Now that we have Linkerd’s control plane is running on our cluster in the Linkerd namespace, and we have our emojivoto demo app installed in the “emojivoto” namespace. We will now need to add Linkerd to the service we deployed earlier.
There are a couple of different ways to add Linkerd to our service. For the purpose of this example we will use a simple method:
kubectl get -n emojivoto deploy/web -o yaml | linkerd inject — | kubectl apply -f -
This command uses the manifest of the “web” service that it stakes form Kubernetes, then runs this manifest with,
linkerd inject and then reapplies it to the Kubernetes cluster.
linkerd inject takes the manifest and edits it to include Linkerd’s data plane proxies.
Smart Roll Out?
Since the manifest “web” is a Deployment, Kubernetes is smart enough to roll the service one pod at a time. This is great as it means that the deployment “web” can be serving traffic live while we add Linkerd to it. Meaning that adding Linkerd to deployments is seamless.
We now have the Linkerd service sidecar running on the “web” service deployment.
Step 5: Using Linkerd to debug the application issues.
You now have a full demo application running on your cluster with Linkerd installed on the “web” service deployment.
We can now use Linkerd to solve some of the application issues we stumbled across earlier such as some of the voting not working etc. This is useful because as we said earlier the Kubernetes dashboard was showing the application running ok.
Let’s check the Linkerd dashboard:
You should see all the services in the Emojivoto namespace show up. As we have only installed the Linkerd sidecar on the “web” service, this will be the only deployment and pod that displays Success Rate, Request per second and Latency. You will also see a handy button to brings you to a Grafana dashboard for your Linkerd Sidecar.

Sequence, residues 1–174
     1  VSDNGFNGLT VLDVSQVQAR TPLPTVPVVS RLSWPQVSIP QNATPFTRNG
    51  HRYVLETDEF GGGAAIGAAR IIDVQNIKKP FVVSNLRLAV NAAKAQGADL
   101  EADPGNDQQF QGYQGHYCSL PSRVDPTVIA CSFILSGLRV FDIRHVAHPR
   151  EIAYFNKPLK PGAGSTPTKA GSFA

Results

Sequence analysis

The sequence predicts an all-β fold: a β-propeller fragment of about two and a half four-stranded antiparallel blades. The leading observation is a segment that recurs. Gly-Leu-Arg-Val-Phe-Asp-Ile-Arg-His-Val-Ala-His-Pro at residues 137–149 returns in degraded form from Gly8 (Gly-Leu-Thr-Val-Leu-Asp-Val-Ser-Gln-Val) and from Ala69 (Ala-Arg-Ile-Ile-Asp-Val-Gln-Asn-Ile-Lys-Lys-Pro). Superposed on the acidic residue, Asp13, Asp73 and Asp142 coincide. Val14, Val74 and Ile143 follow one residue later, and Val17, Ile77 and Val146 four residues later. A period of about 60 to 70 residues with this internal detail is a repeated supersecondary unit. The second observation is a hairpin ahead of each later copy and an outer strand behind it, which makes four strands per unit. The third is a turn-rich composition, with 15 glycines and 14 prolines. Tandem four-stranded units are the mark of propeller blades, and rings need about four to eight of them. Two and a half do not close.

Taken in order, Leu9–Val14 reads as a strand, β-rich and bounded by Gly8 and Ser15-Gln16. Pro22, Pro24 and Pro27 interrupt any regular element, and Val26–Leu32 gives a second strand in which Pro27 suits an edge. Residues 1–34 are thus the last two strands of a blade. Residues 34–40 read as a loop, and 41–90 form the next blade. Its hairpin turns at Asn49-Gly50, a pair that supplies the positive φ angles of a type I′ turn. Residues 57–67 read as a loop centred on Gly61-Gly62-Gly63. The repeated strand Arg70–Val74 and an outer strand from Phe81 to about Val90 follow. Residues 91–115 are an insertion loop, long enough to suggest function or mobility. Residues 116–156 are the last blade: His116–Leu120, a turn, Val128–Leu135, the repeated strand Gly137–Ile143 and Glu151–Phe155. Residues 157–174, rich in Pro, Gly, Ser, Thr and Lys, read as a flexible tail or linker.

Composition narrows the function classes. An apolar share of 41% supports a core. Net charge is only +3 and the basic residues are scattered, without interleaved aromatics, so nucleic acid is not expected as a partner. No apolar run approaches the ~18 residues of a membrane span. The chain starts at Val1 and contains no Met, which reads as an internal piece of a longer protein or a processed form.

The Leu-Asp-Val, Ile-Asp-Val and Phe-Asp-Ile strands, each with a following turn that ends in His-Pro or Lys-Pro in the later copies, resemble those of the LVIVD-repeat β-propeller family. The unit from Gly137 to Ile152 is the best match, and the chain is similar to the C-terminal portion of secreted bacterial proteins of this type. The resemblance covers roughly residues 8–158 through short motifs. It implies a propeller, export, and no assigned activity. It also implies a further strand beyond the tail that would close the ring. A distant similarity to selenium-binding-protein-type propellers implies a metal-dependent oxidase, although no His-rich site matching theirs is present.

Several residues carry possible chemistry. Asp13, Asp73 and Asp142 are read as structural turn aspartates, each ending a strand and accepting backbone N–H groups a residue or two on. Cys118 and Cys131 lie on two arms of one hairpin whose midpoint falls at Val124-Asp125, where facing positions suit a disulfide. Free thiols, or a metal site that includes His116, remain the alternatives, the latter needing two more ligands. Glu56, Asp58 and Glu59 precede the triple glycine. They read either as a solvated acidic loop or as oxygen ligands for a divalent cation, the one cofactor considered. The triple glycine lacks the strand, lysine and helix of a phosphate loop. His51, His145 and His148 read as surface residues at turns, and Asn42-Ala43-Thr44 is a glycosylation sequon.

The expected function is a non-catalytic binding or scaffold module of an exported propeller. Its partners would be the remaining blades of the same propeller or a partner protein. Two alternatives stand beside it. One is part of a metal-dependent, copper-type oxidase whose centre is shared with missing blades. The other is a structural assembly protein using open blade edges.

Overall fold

you should see all the services in the “emojivoto” namespace show up. Since “web” has the Linkerd service sidecar installed on it, you’ll also see success rate, requests per second, and latency percentiles show up.
Why is the success rate inconsistent?
The first thing we will notice, how awesome is this?! Secondly we will notice that our success rate is consistently below 100%.
What is causing this?
Let’s take a look at why and try to resolve it. To do this we will simply click on “web”. This will bring you the deployments dashboard for “web”.
You will notice that there is mock traffic being generated by a “vote-bot” this is a simple part of the application that is included in the Emojivoto manifest. It generates low levels of life traffic with two outgoing dependencies, emoji and voting.
Let's dive a little deeper
As we can see straight away the Emoji service is working 100%, and it’s the voting service is failing a bit.
A failure in a dependent service may be exactly what’s causing the errors that web is returning which we saw earlier.
Let’s looks further into this, as we scroll through the deployment page for web, we can see the live list of all traffic endpoints that “web” is receiving.
Understanding the error rate:
Straight away we can see that there are two calls that are not at 100%: the first is vote-bot’s call the “/api/vote” endpoint. The second is the, “/emojivoto.v1.VotingService/VoteDoughnut” call from the web service to the voting service.
This is interesting as “/api/vote” is an incoming call, and “/VoteDoughnut” is an outgoing call.
This is a good indicator that the “/VoteDoughnut” is the source of our issues.
“Tap”- ping into the issue
Let’s dive a little deeper to see if, in fact, it is the cause of our issues. To do this we will click on the “tap” icon (last icon on the right column).
This will take us to the list of live requests that match this endpoint. This allows us to confirm that the requests are failing as we are getting that the gRPC stats Unknown.
Given that we have now identified the error is coming from the voting system, we can pinpoint the error in the system so that we can fix the voting system code.
As I mentioned already Linkerd comes pre-configured with Grafana to make it really easy to start using Grafana dashboards for all the metrics that Linkerd makes available, this is very useful for ops to see u to date time series based information on services and clusters.
Firstly I want to thank the people over at Linkerd and Buoyant for making an awesome product and a really nice sample app! Great work!
What can I do now:
Now that you know how to install Linkerd and the Linkerd Service sidecar, you can now install this on your deployments and trouble shout or mitigate any future issues you may have by using Grafana for Ops and tap to look at live call issues for errors.